Formula E in Monaco: the formula of future racing on a historic circuit 4 minutes spent reading
Formula E

Formula E in Monaco: the formula of future racing on a historic circuit

Gerald Enzinger
10 years as editor-in-chief at SportWoche, and working as a journalist at racetracks around the world for 20 years. Writes in Austria for media outlets including Autorevue,, and the Kleine Zeitung.

It’s the halfway point in the voestalpine European Races, part of the 2018/19 ABB FIA Formula E Championship. And there could hardly be a more grand location in which to mark this occasion: Monaco, the principality which has hosted motor racing for the past 90 years. And every alternate year in Formula E’s calendar since 2015, it has also been giving fans the chance to experience the future of motorsport. It’s the ideal location for following the rapid rise of this booming race series. A quick run through the key facts.

Nowhere are the celebrations more international than in Formula E

Eight races, eight different winners, seven different winning teams, six different winning manufacturers—the variety offered by this diverse championship is sensational. But there is one thing that highlights the international success of the ABB FIA Formula E Championship: the eight winners this season have come from eight different nations: Portugal, Belgium, Great Britain, Brazil, Switzerland, France, New Zealand, and most recently the Netherlands. A German winner can only be a matter of time, considering that there a total of four potential candidates: André Lotterer, Daniel Abt, Pascal Wehrlein, and Maximilian Günther.

Monaco is a home game for one winning team

The VENTURI Formula E team is the only team based in Monaco. Headed by team boss Susie Wolff, and with Edoardo Mortara at the wheel, the team has recently won its first ever Formula E race. Venturi has a long-standing involvement with electric cars and has already set several world records in this field. In 2010, for example, when a Citroen Berlingo First, powered by Venturi, completed the roughly 14,000 km route from Shanghai to Paris, establishing a course record for electric production vehicles. Working closely with the Ohio State University and with a Jamais Contente, Venturi has also set speed records for electric cars: in 2009 averaging over 487 km/h (based on fuel cells), and in 2010 with batteries and averaging over 495 km/h. Top speed: 515 km/h.

Much applause for André Lotterer, the leading voestalpine European Races driver

Andre Lotterer

Andre Lotterer

Duisburg-born André Lotterer is also a Monaco resident. With two podium places in the two European races in Rome and Paris, the German is now in second place in the ABB FIA Formula E Championship rankings, whilst simultaneously leading the voestalpine European Races rankings. The DS TECHEETAH driver also caused a stir with the statements he made after the rain race in France: his passionate plea for Formula E, his report on the race (“Formula E is the most difficult car to drive, but it’s a really challenging game. Theres a lot of do behind the wheel for the drivers which is good”, have all been shared thousands of times on social media, with his colleagues Jérôme d’Ambrosio, Robin Frijns, and Daniel Abt all enthusiastically nodding in agreement. It’s no wonder, because in driving circles Lotterer is seen as an absolute icon, having won the long-distance classic in Le Mans three times. He’s also a legend in Japan where he has won both the Superformula and SuperGT. His appraisal of the sporting challenge that is Formula E is seen as spot on.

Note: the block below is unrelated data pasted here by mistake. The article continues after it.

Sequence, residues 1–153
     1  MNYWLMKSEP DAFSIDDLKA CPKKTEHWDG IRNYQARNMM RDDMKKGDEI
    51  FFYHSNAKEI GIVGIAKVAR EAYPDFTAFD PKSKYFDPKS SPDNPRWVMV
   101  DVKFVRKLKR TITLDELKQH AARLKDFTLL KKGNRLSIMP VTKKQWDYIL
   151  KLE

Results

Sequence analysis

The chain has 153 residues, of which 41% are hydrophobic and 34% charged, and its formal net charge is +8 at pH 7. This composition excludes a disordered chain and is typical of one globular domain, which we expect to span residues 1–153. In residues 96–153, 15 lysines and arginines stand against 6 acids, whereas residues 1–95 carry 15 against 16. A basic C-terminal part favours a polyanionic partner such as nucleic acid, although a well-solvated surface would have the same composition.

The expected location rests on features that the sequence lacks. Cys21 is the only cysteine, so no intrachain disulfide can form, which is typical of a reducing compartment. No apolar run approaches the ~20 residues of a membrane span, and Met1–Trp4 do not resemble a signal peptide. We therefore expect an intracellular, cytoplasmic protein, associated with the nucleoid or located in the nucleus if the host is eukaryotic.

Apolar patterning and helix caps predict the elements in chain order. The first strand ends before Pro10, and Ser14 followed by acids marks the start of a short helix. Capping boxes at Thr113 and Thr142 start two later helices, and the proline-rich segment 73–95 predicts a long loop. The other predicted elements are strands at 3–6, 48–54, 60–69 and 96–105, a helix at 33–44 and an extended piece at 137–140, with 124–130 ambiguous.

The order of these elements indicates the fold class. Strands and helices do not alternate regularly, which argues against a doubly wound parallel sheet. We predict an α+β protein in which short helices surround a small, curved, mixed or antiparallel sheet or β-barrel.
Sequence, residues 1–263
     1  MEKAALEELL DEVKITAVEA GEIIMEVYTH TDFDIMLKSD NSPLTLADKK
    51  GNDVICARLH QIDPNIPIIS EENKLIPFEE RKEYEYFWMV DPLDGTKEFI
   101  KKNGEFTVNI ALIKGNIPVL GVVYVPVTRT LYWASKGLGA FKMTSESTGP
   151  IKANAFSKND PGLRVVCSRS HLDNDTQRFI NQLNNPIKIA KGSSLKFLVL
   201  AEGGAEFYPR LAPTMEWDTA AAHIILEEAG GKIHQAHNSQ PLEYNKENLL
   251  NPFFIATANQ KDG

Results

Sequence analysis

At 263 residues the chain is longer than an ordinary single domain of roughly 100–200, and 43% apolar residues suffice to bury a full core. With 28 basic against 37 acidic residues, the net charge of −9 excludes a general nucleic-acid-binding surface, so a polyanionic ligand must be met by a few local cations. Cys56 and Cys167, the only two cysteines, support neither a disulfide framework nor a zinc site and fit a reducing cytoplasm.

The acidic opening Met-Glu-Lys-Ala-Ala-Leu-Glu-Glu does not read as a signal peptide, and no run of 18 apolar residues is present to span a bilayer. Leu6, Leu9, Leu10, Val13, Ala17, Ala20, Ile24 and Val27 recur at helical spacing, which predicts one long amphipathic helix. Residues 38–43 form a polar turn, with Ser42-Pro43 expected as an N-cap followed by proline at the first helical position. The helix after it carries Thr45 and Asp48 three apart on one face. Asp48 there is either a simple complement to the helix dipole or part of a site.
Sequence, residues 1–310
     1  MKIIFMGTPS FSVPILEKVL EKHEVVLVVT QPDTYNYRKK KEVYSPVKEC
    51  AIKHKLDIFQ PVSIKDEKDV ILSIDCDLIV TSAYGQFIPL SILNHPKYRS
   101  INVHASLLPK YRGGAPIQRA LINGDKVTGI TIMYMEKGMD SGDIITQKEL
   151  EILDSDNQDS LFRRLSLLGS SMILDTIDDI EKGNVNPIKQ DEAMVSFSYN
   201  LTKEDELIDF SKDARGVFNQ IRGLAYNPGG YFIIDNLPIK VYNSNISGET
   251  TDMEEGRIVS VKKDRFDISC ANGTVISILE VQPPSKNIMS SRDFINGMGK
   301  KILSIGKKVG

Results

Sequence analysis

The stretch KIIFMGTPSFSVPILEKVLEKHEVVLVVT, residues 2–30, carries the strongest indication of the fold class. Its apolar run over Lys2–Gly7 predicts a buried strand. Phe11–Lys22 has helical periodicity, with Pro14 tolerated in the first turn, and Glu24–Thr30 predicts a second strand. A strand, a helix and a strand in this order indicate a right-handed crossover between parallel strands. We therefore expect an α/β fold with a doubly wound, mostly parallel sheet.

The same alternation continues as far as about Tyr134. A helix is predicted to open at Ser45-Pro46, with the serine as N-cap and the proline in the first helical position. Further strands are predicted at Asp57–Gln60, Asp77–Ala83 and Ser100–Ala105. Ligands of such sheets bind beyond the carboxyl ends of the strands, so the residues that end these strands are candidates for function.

Maxi Günther seized his opportunity with style

With his fifth place in Paris, Maximillian Günther has proven his value to the GEOX DRAGON team. To date, this driver with Austrian roots had been swapped with Brazilian Felipe Nasr in the cockpit. But the results speak clearly for the Allgäuer.

Can Sébastien Buemi continue his series of Monaco wins to end his run of bad luck?

The headline sounds confusing, but it’s true. Swiss driver Sébastien Buemi remains unbeaten in Monaco for Formula E, winning both in 2015 and 2017. But this season the Formula E record holder (12 E-Prix triumphs) and his team Nissan e.dams are still without a win, even though he’s often amongst the absolute fastest, especially during qualifying. It’s quite possible that he or his team colleague Oliver Rowland will turn in a winning performance in Monaco, so that Formula E can record yet another winning team this season.

Formula E’s thrilling development also enthralls legends

Scotsman Allan McNish is 50 this year, and is regarded as a motorsport legend: the current team boss of Audi Sport ABT Schaeffler won the Le Mans three teams. He’s delighted by how the ABB FIA Formula E Championship has developed: “I was in Monaco in a private capacity in 2015, living there with my family. And quite honestly, I didn’t find the whole event particularly thrilling. But I came again in 2017, and this time it was simply ‘wow!’ The developments and the advances that this series and these cars are making is breathtaking. Now we’re in season five, and it’s sensational and impressive in every way. It’s the future!”

The third of the voestalpine European Races starts on Saturday, May 11, 2019, at 4:30 p.m.

Gerald Enzinger